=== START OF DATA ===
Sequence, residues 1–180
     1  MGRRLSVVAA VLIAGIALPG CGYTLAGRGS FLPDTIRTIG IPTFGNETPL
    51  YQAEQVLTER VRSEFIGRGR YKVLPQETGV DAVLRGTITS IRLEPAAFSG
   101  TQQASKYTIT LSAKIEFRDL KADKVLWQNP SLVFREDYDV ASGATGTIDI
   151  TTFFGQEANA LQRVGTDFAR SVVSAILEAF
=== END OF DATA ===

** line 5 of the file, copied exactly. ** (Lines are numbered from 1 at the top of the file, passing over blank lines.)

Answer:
   151  TTFFGQEANA LQRVGTDFAR SVVSAILEAF